Seminars will be in Avery 351, and will be held twice a week:
Wednesdays 3:30 - 4:20 pm
Thursdays 2:30 - 3:20 pm
25th April (Wednesday). Cristiano Bocci, University of Milan, Italy.
Title: Secant varieties in phylogenetics - II
Special seminar: 23rd April (Monday). Ezra Miller, University of Minnesota.
Time and place: 10:30 ??
Title: Multiplier ideals of sums via cellular resolutions
19th April (Thursday). Mike Mandell, Indiana University.
Title: A Localization Sequence for the Algebraic K-Theory of Topological K-theory
While the K-theory of the integers is closely connected with number theory, the K-theory
of the "sphere spectrum" is closely connected with geometry. Waldhausen's "chromatic
tower" in K-theory interpolates between these. Conjectures of Rognes relate the layers in
this tower to the K-theory of ring spectra that are familiar to topologists, and at the
bottom is topological K-theory. This talk will describe this picture and explain what is
18th April (Wednesday). Cristiano Bocci, University of Milan, Italy.
Title: Secant varieties in phylogenetics - I
I will talk about a recent result for phylogenetics which permits one to extend the result
of Lansberg and Manivel about the ideal of secant varieties of Segre varieties.
Iin the first one I will introduce some concepts of algebraic statistics, explain why
statistical models are algebraic varieties and then introduce general markov tree models.
This provides all the background needed for the second talk, on the particular subfield
(of algebraic statistics) of phylogenetic algebraic geometry.
12nd April (Thursday). Alexander Berglund.
11th April (Wednesday). Neil Epstein, University of Michigan.
Special seminar: 6th April (Friday). Dumitru Stamate.
Time and place: 10:30 AM, Avery 351.
Title: Koszul rings via sequentially Cohen-Macaulay posets
Koszul rings are graded algebras satisfying certain nice homological properties. In
particular, they are quadratic. Woodcock and Polo proved that the incidence algebra of a
finite graded poset P is Koszul if and only if each open interval in P is Cohen-Macaulay.
We study a possible extension of this result to arbitrary finite posets. We expect that in
this case, the associated graded ring of the incidence algebra of the poset play an
important role. We can describe the posets for which this associated ring is quadratic and
we'll present progress towards the conjectured result. This is joint work with Vic
Reiner, Univ. of Minnesota.
I'll start with Woodcock's approach on Koszul rings and introduce the incidence algebra of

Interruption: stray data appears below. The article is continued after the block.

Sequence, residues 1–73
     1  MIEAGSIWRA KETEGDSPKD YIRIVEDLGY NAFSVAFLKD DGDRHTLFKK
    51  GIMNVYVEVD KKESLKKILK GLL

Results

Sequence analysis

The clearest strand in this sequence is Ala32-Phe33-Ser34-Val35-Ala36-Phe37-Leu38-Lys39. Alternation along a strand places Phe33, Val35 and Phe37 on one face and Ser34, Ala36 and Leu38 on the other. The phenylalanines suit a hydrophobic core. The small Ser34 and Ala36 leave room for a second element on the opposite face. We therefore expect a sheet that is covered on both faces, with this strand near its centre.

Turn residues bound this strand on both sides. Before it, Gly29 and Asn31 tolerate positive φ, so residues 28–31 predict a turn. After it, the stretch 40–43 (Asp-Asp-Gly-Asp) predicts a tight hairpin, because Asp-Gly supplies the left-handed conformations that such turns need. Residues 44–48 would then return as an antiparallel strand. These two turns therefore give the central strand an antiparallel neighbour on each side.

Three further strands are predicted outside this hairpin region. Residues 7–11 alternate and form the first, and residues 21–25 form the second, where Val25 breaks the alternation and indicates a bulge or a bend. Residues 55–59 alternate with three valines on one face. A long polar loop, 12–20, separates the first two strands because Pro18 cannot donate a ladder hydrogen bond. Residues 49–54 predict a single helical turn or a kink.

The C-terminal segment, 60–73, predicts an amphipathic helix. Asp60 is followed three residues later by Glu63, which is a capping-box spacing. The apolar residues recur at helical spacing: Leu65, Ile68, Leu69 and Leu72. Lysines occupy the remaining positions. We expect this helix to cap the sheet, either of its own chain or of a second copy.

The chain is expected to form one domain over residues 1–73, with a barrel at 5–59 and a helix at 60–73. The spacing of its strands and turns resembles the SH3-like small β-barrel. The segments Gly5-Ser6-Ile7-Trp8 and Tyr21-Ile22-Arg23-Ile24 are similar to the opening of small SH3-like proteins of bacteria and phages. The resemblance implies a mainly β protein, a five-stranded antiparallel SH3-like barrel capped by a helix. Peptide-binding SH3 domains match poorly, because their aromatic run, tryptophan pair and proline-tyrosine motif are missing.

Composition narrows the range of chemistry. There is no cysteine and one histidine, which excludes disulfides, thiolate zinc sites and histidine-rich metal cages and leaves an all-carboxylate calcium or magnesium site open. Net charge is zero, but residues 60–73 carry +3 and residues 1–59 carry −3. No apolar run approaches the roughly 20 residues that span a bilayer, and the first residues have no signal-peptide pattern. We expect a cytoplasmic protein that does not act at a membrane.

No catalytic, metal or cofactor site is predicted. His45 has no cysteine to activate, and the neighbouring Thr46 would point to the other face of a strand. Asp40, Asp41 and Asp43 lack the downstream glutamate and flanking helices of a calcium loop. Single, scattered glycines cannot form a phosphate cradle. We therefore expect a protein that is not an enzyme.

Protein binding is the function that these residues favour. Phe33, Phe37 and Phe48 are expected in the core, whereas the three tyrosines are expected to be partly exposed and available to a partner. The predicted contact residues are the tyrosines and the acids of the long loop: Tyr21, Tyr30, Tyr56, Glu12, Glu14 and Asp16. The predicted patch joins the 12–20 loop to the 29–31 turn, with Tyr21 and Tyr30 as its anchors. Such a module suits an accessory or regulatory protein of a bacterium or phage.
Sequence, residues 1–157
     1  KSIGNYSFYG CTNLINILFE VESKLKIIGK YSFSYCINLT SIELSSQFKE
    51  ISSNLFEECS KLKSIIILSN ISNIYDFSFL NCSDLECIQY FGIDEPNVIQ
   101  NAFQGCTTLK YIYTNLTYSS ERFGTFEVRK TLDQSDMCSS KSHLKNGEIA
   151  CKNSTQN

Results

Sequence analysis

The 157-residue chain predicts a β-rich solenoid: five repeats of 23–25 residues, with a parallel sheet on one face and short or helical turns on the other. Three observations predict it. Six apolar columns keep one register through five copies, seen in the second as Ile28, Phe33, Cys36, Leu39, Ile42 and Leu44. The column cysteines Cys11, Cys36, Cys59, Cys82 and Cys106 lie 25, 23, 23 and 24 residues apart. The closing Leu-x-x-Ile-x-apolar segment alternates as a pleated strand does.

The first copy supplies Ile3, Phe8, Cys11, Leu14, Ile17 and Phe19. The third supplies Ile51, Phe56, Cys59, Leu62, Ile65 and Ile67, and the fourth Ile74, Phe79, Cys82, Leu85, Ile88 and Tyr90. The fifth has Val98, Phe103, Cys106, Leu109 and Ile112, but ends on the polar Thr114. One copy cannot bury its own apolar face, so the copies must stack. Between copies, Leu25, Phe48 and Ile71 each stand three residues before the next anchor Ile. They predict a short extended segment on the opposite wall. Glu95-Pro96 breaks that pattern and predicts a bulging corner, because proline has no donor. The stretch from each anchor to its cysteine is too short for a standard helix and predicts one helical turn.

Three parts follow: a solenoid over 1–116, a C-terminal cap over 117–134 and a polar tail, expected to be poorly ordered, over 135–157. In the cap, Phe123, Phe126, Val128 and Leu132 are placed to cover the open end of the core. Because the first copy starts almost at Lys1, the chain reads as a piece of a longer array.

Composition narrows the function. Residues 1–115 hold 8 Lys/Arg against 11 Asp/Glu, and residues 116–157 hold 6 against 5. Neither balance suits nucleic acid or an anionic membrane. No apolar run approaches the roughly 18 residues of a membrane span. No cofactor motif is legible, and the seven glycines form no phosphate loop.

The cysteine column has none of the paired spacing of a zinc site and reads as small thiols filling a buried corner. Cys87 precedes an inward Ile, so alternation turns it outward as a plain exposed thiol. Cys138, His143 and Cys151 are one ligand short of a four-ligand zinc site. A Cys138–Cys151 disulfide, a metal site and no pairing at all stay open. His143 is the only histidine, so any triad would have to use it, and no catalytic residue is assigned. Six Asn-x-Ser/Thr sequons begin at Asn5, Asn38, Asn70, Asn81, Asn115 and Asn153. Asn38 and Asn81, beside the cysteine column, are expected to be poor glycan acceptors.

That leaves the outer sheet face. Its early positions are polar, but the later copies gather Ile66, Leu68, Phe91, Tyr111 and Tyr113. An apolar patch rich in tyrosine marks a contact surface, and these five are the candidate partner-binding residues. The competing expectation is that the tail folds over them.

a poset. All other notions will be introduced during the talk. Attending the previous
talk could be useful.
5th April (Thursday). Giuglio Cavaglia, Purdue University.
Title: How to compute generic initial ideals and extremal Betti numbers.
4th April (Wednesday). Dumitru Stamate.
Title: Sequentially Cohen-Macaulay modules and combinatorics
A module over a noetherian ring is called sequentially Cohen-Macaulay (seq-CM) if it has a
finite filtration of submodules whose quotients are CM modules of increasing Krull
dimension. The notion was introduced by Stanley starting from combinatorial
considerations, and it proved useful in commutative algebra. To begin with, I will survey
several characterizations and properties of seq-CM modules due to Schenzel, Peskine,
Herzog, Popescu,and Sbarra among others. Using the Stanley-Reisner correspondence, we
restrict to the case of face rings of simplicial complexes and give combinatorial and
homological characterizations of seq-CM complexes and posets, presenting results of Duval,
Bjorner, Wachs and Welker. In the end, I will present some important classes of seq-CM
29th March (Thursday). Liana Sega, University of Missouri, Kansas City.
Title: Cohomology over short local rings
28th March (Wednesday). Lars Winther Christensen, UNL.
Title: The Auslander Condition can be checked on the subcategory of maximal Cohen-Macaulay
22nd March (Thursday). Kiriko Kato, Osaka Prefecture University, Japan.
Title: The quotient category of the homotopy category
21st March (Wednesday). Mustapha Lahyane.
Title: On Basic Rational Surfaces.
Abstract: In 1960, Masayoshi Nagata showed that the monoid of effective divisor classes of
a smooth projective rational surface may fail to be finitely generated. This phenomenon
began to be studied in detail in the 80s, beginning with work by Rosoff in 1980 and
Harbourne in 1985. The aim of this seminar is to discuss some complementary work